Pat Leahy vs. the pro-choice community

A sad headline to write. And unlikely, but true. Our own St. Patrick, chair of the powerful Senate Judiciary Committee, has stirred the ire of left-wing advocacy groups over his adherence to Senate tradition.

Credo Action, a liberal group with a mailing list of over three million, has sent an email blast targeting Leahy who, in spite of a 100% prochoice voting record (according to both NARAL and Planned Parenthood), is enabling obstructionist Republicans in their efforts to block President Obama’s judicial nominees.

As the email lays out, Leahy has thus far refused to abandon a relic of a largely dismantled patronage system known as the “blue slip,” which allows a single senator to effectively veto anyone nominated to a federal judgeship in their state.

The immediate consequence:

Georgia’s two Republican Senators, Saxby Chambliss and Johnny Isakson, wielded the blue slip to pressure the White House into a lopsided deal that includes four judges chosen by the Republican lawmakers and only two selected by President Obama.

One of the Senators’ nominees is Michael Boggs, who has a record of opposing reproductive rights and marriage equality because he wants to “stand up for Christian values.” This week, 27 progressive groups sent a letter to Democrats on the Judiciary Committee urging them to vote against Boggs. Now, Credo is directly targeting Leahy for refusing to modify (or dump) the blue slip rule. Or, as Credo put it:

Tell Senator Patrick Leahy: We need judges who will protect a woman’s right to choose – stop allowing rightwing senators to blackball President Obama’s pro-choice nominees to the federal judiciary.

The “blue slip” tradition, according to ThinkProgress, has its origins in an earlier Senate era:

Although the Constitution gives the president power to name judges “with the advice and consent of the Senate,” for much of American history lower court judgeships were often treated as little more than patronage jobs to be doled out by senators.

… Two relics from the old patronage days remain, however. The first is that seats on the federal appeals courts are considered bound to a particular state. …The second is the “blue slip” process, which allows a single senator to prevent a judicial nominee from their home state from receiving a committee hearing, effectively vetoing the nomination.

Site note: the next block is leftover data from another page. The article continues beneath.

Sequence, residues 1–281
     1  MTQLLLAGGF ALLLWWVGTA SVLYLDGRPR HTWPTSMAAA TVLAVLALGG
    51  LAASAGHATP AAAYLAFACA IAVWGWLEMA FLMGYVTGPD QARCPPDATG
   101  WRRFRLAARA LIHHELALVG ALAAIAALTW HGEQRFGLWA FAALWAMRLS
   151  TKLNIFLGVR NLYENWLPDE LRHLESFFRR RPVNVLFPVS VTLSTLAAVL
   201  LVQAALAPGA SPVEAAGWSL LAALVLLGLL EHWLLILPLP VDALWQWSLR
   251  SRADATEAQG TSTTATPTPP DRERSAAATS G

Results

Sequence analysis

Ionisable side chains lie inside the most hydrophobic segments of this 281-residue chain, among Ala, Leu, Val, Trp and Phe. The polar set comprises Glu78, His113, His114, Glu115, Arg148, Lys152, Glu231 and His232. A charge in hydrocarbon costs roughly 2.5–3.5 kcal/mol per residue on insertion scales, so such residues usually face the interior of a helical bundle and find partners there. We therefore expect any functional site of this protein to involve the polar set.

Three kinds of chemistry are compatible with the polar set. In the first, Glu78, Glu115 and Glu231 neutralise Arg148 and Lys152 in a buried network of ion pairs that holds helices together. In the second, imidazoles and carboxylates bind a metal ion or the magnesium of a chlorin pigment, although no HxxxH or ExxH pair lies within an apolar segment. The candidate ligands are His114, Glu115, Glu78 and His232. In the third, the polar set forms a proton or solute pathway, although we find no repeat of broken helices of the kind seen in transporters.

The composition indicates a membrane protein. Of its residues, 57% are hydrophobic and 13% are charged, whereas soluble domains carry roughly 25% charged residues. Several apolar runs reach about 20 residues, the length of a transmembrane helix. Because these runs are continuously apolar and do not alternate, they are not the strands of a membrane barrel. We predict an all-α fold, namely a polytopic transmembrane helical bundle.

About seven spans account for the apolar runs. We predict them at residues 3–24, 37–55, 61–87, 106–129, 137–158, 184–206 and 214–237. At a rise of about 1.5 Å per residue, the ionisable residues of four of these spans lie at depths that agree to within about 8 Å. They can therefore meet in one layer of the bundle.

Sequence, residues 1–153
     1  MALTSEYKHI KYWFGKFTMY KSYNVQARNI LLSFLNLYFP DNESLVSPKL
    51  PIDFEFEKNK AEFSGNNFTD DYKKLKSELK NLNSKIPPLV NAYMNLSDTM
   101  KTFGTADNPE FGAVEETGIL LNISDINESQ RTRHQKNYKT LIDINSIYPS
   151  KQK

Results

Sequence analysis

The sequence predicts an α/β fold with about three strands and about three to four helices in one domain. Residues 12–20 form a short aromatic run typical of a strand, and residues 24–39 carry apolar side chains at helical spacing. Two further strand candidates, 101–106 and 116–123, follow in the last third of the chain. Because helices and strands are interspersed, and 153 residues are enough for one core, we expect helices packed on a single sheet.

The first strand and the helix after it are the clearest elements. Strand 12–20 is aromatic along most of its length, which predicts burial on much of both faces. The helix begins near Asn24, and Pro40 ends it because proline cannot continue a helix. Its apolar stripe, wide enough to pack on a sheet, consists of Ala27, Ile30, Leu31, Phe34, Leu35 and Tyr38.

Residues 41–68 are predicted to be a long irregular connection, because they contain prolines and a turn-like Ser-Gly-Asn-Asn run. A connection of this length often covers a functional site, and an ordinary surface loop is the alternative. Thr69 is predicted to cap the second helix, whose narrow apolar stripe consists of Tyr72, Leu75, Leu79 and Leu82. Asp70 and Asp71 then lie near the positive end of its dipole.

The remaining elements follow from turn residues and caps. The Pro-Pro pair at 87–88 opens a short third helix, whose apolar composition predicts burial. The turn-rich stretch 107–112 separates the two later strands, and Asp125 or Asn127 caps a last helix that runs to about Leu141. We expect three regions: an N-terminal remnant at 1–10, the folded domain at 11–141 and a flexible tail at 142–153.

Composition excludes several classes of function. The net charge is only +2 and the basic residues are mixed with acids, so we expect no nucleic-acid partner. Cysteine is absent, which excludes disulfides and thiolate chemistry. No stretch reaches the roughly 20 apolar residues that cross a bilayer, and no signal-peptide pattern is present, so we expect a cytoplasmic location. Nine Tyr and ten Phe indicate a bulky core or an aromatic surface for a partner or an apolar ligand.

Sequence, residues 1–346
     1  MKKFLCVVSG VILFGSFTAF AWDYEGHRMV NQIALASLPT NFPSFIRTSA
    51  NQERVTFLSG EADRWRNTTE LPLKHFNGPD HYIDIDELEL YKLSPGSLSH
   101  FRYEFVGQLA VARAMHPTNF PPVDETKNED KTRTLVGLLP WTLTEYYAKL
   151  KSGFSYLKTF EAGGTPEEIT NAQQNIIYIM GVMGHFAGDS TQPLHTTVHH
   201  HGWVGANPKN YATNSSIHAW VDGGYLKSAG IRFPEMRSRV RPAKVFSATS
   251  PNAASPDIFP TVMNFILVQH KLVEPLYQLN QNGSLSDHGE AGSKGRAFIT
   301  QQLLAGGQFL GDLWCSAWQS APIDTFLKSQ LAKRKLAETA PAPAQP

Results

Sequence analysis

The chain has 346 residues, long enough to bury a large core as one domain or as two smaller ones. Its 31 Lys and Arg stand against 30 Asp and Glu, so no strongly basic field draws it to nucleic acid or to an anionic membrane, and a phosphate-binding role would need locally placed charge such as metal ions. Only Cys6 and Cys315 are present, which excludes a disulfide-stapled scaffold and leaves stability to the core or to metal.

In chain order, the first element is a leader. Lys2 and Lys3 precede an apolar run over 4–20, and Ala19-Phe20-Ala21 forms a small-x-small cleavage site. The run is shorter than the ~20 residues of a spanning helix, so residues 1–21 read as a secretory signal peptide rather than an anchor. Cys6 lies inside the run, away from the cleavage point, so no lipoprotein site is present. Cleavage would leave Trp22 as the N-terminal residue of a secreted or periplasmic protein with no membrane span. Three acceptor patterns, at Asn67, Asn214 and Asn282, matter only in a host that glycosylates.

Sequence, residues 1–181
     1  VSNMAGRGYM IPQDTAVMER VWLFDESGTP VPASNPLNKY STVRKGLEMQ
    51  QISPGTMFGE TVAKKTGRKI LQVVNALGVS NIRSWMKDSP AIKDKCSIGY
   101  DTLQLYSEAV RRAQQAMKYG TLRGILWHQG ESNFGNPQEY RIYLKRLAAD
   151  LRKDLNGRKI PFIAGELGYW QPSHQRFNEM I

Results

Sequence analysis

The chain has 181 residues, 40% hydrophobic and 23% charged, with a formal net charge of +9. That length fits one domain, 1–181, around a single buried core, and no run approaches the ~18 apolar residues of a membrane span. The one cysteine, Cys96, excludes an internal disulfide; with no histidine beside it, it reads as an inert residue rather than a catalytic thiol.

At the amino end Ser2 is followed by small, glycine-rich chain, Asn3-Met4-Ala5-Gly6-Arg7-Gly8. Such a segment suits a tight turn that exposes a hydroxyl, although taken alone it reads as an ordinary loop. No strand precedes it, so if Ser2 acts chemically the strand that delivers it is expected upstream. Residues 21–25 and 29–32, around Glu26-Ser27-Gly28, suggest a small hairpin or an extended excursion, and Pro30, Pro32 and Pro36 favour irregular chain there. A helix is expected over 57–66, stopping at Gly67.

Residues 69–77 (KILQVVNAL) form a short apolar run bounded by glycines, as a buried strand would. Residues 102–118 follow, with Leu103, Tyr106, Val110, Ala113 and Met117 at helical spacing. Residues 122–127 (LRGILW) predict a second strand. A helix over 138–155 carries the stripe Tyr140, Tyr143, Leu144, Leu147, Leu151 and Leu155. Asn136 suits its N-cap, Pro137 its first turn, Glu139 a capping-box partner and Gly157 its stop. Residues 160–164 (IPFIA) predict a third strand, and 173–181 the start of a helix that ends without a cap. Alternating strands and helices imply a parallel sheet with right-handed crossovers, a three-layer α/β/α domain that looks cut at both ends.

This is one of the few shortcomings of having a Senator with a whole lot of seniority: he tends to be loyal to the arcane ways of the World’s Most August Boys’ Club.

And this, in spite of the fact that the blue slip rule was ignored the last time the Republicans ran the Senate:

In 2003, for example, when Sen. Orrin Hatch (R-UT) took over as Judiciary chair and George W. Bush was president, Hatch largely abandoned the blue slip rule. According to the Congressional Research Service, “[a] return of a negative blue slip by one or both home-state Senators d[id] not prevent the committee from moving forward with the nomination – provided that the Administration engaged in pre-nomination consultation with both of the home-state Senators,” during Hatch’s tenure.

So Leahy has a decision to make. Support one of the Senate’s most obscure and useless rules, or clear the way for more Obama nominees to be confirmed.

The clock is ticking. The Republicans stand a good chance of regaining a Senate majority in November. Should that happen, we’ll see a whole lot of judicial vacancies lingering on and on, as the Republicans try to stall until the 2016 election.  

2 thoughts on “Pat Leahy vs. the pro-choice community

  1. in terms of his record of taking strong liberal positions.

    His stance against net neutrality was one, and this is another.  

    I put down his unquestioning support for the F-35 (as well as that of the other two DC delegates) to a conditioned reflex to try and bring home the bacon in as many ways as possible.

    The F-35 lobby talked a good game about enabling the mission of the Vermont Guard into the future, preserving jobs etc.; and the whole thing just sort of steamrolled inevitably forward.  Let’s hope it’s worth it.

Leave a Reply

Your email address will not be published. Required fields are marked *